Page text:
This past weekend, four major tournaments happened in different parts of the world, each with their own little spin on the Ultra Series metagame. Of course, each region had their selection of “standard” teams and strategies, however each tournament’s results developed a unique identity for itself as well as its region. Let’s take a look at what the Bristol, Malaysia and Hong Kong regional championships, as well as the Cancún special event, had to offer to VGC 2019.
Lopunny and Lucario Steal the Show in Bristol
The first European regional had a lot to live up to after Berlin’s international showdown, and Bristol certainly delivered some interesting results. The classic picks for Mega Evolutions like Salamence, Rayquaza and Gengar showed up in the Top 8, but the underrated picks, Mega Lucario and Mega Lopunny, each appeared twice.
The teams featuring these two Mega Pokemon were interesting beyond these choices too. The winner, David Partington, used a Murkrow which has the potential to add a ton of different support options for a team. The most popular role for a Pokemon like Murkrow is a Tailwind setter, but just to give some examples from the large list of other support options, Murkrow can carry moves like Taunt, Haze, Foul Play and Quash. Since Murkrow can still evolve, it can make good use of the Eviolite item which can boost both of its defense stats by 50%. Murkrow certainly needs the extra bulk to survive in this metagame, and it’s cool to see someone make it work.
Ben Grissmer hopped on the Lopunny train, but also brought along the terrifying late-game win-condition known as Shedinja. We don’t know too much about the Mega Lucario from Jamie Boyt and Harry Louth, but both teams similarly carried Tapu Lele, Tapu Koko and Lunala. Despite the Celesteela on Boyt’s team, both teams seem to be more offensive in nature keeping with the theme of Mega Lucario.
Cancún‘s Tiny Tournament
Despite this tournament being a special event (with prizing on par with that of a regional championship), there were only 18 players in attendance. Mexican players Hiram Espinosa and Alberto Renero held down their home turf with their first and second place finishes. After Ultra Necrozma’s strong showing at the Hartford regional championships last weekend, these players demonstrated yet again that this restricted Pokemon is a real contender.
The main attraction here is Alejandro Terrazas’ eighth place team with a plethora of unique members. Adam Dorricott would be a huge fan of this team that featured Mega Beedrill as its Mega Evolution of choice. Mega Beedrill is a fast, offensive powerhouse and although its Poison-typing and ridiculously strong ability, Adaptability, are valuable, its frailty makes it dangerous to use if played incorrectly. Lickilicky is an interesting case, but a Pokemon with very strong utility in a format dominated by weather wars. Lickilicky has access to Cloud Nine which can eliminate the effects of weather, allowing Primal Kyogre to blast Primal Groudon even under Desolate Land.
Lastly, there’s Israel Suaste’s use of Tyranitar, which probably would’ve worked a little better earlier on in the format since it could overwrite Groudon and Kyogre’s weather, but it can still work well in Ultra Series as a means of countering Pokemon like Lunala.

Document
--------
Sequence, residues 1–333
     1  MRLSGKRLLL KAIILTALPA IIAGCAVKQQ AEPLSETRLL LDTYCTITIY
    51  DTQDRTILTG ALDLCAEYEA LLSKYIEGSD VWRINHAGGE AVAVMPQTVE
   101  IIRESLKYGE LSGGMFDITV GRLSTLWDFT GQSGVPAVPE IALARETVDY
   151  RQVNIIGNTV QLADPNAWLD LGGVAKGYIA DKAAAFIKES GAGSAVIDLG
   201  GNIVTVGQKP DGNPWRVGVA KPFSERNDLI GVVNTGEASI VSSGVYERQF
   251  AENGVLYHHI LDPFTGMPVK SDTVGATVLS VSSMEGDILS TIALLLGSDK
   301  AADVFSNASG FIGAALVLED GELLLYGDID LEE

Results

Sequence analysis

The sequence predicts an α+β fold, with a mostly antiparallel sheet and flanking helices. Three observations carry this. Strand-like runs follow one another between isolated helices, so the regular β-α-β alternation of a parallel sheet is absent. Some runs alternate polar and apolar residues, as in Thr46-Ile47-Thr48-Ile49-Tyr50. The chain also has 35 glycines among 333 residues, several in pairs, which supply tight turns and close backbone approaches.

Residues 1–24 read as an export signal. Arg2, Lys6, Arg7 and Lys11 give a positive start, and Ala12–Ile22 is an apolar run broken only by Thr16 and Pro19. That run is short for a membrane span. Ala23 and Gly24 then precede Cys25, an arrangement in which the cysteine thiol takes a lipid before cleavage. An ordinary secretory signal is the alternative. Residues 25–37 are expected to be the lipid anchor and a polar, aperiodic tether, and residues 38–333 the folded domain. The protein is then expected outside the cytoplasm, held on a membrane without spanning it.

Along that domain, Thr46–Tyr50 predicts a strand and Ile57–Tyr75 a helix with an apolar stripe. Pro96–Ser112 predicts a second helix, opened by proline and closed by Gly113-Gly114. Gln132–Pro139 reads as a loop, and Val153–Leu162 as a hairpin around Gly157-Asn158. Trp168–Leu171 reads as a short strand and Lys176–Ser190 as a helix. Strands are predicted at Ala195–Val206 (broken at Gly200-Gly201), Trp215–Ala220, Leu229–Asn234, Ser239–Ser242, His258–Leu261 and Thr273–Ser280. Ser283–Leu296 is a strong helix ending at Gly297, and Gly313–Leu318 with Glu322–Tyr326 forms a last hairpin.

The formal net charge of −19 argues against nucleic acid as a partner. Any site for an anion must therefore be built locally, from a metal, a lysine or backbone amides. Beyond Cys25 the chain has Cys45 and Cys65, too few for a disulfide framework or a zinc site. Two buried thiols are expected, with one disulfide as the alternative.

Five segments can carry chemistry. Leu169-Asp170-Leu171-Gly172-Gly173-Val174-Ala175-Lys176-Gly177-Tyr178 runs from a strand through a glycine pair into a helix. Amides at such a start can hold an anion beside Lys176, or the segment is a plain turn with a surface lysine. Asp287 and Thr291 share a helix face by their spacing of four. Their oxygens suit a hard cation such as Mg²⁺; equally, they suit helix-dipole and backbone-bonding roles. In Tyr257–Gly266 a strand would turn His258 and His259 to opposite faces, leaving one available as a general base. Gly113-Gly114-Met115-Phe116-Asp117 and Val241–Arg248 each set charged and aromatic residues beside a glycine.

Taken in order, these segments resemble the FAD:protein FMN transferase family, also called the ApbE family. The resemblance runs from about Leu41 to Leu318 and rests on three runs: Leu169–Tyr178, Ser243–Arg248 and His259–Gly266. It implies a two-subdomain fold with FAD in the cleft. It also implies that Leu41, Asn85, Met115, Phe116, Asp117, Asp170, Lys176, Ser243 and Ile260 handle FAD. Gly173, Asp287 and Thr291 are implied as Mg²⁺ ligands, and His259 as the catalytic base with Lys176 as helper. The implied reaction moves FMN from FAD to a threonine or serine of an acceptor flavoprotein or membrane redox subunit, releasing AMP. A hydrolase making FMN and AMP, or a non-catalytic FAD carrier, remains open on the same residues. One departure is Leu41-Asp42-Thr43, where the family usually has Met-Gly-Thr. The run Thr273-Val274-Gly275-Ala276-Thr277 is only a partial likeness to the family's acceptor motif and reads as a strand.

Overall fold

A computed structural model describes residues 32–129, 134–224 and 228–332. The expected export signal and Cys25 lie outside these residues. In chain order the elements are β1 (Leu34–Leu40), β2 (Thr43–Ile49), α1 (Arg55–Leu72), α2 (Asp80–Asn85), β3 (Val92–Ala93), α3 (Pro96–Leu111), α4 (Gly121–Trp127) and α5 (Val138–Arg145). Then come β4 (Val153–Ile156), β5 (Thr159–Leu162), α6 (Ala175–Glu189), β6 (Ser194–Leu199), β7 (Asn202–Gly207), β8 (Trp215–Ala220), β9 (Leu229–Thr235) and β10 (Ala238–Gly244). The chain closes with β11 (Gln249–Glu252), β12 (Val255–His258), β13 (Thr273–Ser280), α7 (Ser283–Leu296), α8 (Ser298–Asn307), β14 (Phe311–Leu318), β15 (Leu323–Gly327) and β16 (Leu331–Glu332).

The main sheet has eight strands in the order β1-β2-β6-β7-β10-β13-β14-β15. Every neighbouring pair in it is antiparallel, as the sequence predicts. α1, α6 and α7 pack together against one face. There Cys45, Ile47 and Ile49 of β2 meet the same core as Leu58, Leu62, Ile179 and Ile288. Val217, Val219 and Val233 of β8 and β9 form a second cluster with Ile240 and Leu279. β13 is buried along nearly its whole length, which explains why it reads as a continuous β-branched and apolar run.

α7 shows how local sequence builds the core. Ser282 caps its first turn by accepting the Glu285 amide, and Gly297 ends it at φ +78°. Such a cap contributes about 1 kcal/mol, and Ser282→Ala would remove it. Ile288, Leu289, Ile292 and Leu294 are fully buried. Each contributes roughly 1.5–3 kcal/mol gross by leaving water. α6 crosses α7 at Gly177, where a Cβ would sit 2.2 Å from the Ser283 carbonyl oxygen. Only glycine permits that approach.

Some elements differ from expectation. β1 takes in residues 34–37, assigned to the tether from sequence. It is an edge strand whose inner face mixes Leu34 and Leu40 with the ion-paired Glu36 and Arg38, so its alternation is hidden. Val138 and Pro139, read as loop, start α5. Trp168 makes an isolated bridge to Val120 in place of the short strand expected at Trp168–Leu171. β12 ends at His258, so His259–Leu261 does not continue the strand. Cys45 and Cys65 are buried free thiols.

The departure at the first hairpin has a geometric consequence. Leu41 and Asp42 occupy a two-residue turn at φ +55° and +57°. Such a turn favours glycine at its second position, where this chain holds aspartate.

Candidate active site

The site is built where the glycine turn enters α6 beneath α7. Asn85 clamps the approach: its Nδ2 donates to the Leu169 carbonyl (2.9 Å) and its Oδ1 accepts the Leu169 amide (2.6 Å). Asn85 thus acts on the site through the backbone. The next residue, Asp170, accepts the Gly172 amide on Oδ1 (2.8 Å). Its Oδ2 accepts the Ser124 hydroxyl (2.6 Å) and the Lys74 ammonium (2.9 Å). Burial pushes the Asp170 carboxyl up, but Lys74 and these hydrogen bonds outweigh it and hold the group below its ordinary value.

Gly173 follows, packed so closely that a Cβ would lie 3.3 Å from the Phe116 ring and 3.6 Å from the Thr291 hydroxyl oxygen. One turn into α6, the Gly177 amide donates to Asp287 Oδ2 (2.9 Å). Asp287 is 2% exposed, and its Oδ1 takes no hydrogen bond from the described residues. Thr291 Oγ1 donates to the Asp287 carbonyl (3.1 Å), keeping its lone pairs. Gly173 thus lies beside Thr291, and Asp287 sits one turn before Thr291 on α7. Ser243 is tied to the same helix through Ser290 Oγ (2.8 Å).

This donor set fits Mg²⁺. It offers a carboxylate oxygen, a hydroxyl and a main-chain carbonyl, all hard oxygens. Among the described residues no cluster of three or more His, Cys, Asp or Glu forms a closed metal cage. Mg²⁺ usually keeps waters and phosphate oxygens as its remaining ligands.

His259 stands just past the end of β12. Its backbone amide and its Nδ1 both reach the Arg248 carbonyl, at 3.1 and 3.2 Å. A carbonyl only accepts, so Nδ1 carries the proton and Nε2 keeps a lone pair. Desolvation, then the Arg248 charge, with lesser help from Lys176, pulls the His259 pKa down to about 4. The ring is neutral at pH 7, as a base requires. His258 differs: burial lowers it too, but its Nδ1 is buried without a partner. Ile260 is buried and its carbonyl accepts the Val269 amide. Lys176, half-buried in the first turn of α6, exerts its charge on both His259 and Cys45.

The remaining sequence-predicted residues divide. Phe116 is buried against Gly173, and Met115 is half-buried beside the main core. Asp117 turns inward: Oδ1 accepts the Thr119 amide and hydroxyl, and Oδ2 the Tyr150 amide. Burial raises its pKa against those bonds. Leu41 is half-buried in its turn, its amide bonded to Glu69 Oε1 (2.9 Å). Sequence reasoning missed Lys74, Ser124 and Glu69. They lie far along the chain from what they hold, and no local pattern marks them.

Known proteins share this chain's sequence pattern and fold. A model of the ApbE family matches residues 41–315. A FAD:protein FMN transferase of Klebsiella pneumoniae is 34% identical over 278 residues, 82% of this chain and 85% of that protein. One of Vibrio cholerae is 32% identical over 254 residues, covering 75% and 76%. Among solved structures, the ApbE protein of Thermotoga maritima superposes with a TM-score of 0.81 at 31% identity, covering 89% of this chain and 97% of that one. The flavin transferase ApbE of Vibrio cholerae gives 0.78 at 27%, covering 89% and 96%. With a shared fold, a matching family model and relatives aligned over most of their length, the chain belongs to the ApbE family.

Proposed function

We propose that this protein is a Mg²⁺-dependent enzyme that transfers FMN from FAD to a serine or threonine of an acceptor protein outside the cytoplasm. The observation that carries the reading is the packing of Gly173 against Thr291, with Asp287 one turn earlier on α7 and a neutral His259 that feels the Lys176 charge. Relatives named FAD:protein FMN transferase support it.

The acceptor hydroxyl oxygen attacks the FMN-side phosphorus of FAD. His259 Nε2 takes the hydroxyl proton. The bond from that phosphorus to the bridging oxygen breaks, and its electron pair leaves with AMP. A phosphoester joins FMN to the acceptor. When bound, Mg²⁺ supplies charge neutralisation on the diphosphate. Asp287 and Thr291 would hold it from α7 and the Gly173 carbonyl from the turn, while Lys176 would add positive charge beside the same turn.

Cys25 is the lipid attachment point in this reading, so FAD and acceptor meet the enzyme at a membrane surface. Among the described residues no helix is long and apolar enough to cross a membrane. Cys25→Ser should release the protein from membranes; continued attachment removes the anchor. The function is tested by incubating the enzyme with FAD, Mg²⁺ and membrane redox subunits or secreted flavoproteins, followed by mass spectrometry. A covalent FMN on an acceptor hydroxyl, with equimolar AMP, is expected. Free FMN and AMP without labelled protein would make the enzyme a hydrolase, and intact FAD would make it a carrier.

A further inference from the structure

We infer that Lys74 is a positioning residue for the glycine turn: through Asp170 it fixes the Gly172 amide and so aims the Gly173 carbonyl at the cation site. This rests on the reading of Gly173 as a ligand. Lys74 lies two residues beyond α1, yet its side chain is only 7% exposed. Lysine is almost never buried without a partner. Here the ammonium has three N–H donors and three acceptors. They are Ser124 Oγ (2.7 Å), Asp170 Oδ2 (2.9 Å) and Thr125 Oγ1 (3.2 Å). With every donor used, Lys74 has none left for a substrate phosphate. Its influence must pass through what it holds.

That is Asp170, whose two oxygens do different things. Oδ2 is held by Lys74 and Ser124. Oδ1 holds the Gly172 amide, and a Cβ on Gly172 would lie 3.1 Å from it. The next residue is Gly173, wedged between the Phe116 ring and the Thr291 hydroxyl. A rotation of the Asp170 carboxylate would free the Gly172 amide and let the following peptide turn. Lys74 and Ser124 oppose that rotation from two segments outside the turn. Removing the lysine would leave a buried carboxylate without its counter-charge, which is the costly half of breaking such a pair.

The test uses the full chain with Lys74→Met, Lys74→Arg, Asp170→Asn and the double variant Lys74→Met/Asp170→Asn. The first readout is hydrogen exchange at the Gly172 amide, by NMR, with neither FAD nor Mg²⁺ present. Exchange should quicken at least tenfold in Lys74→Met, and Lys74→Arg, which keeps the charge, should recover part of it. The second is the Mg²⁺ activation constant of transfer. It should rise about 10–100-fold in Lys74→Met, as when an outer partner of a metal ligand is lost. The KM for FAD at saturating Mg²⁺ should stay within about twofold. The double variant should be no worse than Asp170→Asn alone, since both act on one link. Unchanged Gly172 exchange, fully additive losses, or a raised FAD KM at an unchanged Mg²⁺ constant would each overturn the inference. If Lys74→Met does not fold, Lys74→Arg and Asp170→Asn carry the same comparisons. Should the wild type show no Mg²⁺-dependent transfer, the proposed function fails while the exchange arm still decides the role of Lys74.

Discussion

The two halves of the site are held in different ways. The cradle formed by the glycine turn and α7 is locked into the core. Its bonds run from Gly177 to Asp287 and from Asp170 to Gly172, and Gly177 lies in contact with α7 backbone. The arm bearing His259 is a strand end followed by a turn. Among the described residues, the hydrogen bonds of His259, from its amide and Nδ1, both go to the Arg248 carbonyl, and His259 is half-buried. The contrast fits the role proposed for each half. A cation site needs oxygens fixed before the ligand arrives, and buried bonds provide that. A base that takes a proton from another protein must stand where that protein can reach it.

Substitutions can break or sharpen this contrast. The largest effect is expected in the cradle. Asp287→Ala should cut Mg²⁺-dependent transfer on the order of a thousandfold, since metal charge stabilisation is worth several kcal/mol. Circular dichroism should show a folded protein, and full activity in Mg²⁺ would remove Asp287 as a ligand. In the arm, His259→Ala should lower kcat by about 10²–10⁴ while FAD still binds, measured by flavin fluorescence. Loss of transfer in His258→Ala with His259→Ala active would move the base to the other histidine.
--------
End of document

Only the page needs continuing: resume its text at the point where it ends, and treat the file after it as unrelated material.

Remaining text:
Familiar Faces in Hong Kong
Tournaments from this region rarely get significant coverage, but for those who have been paying attention to recent tournaments may recognize some players that performed well here.
Yuya Tada had a strong showing at the European International Championships, and he had yet another one in Hong Kong. Tada returned with his team featuring Talonflame, Xerneas and Mega Rayquaza, but he made a slight change in the addition of Mega Sharpedo. This Mega Evolution is by no means common in VGC 2019, but offers a fast offensive presence that also has access to some neat support options. Of course, bringing this Mega Evolution into battle means you would be without Mega Rayquaza, however, with Rayquaza’s help, Mega Sharpedo can easily dispose of Primal Groudon.
Yihui Xi is another name players in the West may recognize as he’s earned quite a large amount of Championship Points in North America. Xi is famous for his love for Palkia, and he’s embraced the lesser seen Trick Room side of Palkia’s arsenal with the powerful sweeper known as Mega Camerupt. A strange team for sure, but definitely one Xi knows well enough. He’ll be an interesting player to follow come August at the World Championships.
Shedinja in Malaysia
Melvin Keh posted yet another Top 8 finish with the same team he used to score one in Berlin a couple weeks back. While there was some Malaysian representation in the Top Cut, it was mainly dominated by players from Singapore.
To be honest, Malaysia (on the surface) appears to be the most lackluster in terms of metagame developments. One interesting thing to note is that Harold Koo, using a similar team to his fellow Singaporean Melvin Keh, reached the finals with Shedinja. We’ve seen Shedinja teams pop up everywhere during the 2019 season, but usually it has been a member of some rather unorthodox teams. What we’ve seen with teams like Keh and Koo’s is that Shedinja can work with some of the metagame’s most solid of staple Pokemon, cementing Shedinja as a format mainstay.
These tournaments produced some of the most unique teams to be seen thus far in VGC 2019’s Ultra Series, and it’s great seeing these regions push to have more tournament coverage. Next weekend, the tournament action will return stateside for the Santa Clara regional championships.
Images from Pokemon Ultra Sun and Ultra Moon, Pokken Tournament, Ken Sugimori and The Pokemon Company International
Teams/images taken from VictoryRoad.es